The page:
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I'm thinking about more effective ways to do repaint projects. Traditionally I have always cut and painted the walls and then cut in the trim afterward. But upon reflection, it would seem more effective to paint the trim first, not bothering to cut in carefully. Once the trim is completed, then the walls can be cut and rolled in. This would eliminate the time-consuming issue of cutting in trim around freshly painted walls.

The opposite approach could be to paint the walls first, painting up to and overlapping the trim slightly to avoid tedious cuts. Then the trim could be painted in afterward. But this would result in more cutting, I think.

So, what do YOU think? What problems am I going to cause by doing it this way? And how do you do it?

Thanks.
 

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You will get at least 2 different opinions on this.:yes: Pick one and go with it:whistling2:
 

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Haven't we been 'here' before? I always like to engineer a job so that things dry in time for the next phase. If you leave trim to the end - you have to wait for coats to dry - that stinks. Do walls first - same thing. Put a coat on the trim - then in the mean time roll a coat on the walls, maybe that takes up your whole day. So that sets you up for second coat on the trim the next day. Then by the time you are done with the trim - go back to the first room - and start cutting in the all the walls you rolled the previous day. By the time you have done cutting - go back and re-roll the walls - then do a last 'dry' cut. Depending on how many are in my crew or what not dictates the order of how things go.

Got a couple of really unskilled guys and one really good painter? Throw the two unskilled guys to slop on paint on the trim - and give the skilled painter a small 9" roller to occupy his time, engineer the job such that when skilled painter is done rolling - the other two unskilled guys are finished. Perhaps on this job, because of your crew, instead of waiting for the trim to dry - have your skilled guy cut in the walls against the first coat of trim. Then split up the two unskilled guys - one to roll walls for the second coat - and another to only 'face' off the trim. Then the second day - shift the unskilled guys over to another job - and leave the skilled guy to cut in the outside edges of the trim - and wrap up a second 'dry' cut on the walls.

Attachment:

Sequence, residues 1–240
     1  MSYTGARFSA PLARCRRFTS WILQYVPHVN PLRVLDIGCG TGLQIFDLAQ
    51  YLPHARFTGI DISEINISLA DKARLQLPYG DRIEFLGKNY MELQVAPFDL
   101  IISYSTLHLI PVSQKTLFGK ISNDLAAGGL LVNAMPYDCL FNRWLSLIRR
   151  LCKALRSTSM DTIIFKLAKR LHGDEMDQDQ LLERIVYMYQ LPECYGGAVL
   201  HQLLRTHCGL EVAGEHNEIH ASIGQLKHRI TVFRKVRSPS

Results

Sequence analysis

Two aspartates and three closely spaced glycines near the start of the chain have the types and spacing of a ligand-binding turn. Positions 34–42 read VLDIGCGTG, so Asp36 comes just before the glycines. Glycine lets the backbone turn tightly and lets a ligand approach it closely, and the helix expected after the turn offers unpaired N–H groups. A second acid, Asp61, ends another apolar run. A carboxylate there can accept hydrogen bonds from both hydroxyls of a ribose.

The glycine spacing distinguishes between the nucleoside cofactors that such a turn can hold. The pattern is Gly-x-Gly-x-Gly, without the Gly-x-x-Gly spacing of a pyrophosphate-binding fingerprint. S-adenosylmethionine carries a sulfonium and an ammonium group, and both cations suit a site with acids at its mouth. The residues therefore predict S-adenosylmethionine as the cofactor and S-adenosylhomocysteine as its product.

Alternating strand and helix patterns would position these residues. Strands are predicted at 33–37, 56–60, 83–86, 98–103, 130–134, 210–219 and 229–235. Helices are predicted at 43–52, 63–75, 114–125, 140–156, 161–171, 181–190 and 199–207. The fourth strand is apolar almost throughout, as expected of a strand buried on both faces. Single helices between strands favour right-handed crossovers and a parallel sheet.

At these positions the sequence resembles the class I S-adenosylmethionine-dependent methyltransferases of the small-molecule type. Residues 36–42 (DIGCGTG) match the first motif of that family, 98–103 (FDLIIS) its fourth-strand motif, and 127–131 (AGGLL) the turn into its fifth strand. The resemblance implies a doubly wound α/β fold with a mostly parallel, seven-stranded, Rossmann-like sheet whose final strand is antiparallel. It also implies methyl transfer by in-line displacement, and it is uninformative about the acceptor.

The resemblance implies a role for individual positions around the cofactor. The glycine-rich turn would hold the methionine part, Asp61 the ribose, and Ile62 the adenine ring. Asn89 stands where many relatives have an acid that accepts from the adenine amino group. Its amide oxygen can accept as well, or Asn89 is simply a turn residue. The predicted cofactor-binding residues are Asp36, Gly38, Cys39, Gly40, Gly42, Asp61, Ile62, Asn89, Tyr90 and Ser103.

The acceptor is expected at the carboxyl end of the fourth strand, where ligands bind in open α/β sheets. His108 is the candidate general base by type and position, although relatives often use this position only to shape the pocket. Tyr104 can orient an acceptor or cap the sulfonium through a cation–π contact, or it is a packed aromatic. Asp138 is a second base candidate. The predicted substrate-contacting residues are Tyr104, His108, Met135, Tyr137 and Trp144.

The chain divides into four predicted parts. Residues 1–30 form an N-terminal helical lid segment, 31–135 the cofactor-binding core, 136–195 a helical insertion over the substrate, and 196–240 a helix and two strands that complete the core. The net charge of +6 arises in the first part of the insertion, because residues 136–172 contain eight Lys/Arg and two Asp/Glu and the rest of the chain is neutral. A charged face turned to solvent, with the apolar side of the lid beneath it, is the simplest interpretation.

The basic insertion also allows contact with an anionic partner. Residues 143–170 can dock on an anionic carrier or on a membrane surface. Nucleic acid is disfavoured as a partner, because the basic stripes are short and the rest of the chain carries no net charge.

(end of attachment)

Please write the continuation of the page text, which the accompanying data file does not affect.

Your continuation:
Every job is different - and there is an efficient 'path' that dictates how each job is done. There is no one singular right/correct way for a job to be done.
 

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I always paint the trim first...

I usually do 2 coats on repaints..[90% of the time]

Day 1: [Walls]

Prep

Roll

Cut

Day 2: [Walls]

Cut

Roll the finish coat....

This method is used only when I can do the 2nd coat the next day..That way the mud won't flash...Otherwise I have to spot prime....And I always tape my baseboards.
 

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I'm Colour Blind
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I was thinking lately, should I prime before paint? When I come across a job that requires priming, I have all ways painted then prime. I'm not so happy with the results.
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I also always put the 2nd coat 1st. I get better coverage and better hide that way.
:lol::lol::lol:

That's where I'm going wrong.
I see it all now... some of it :blink:
 
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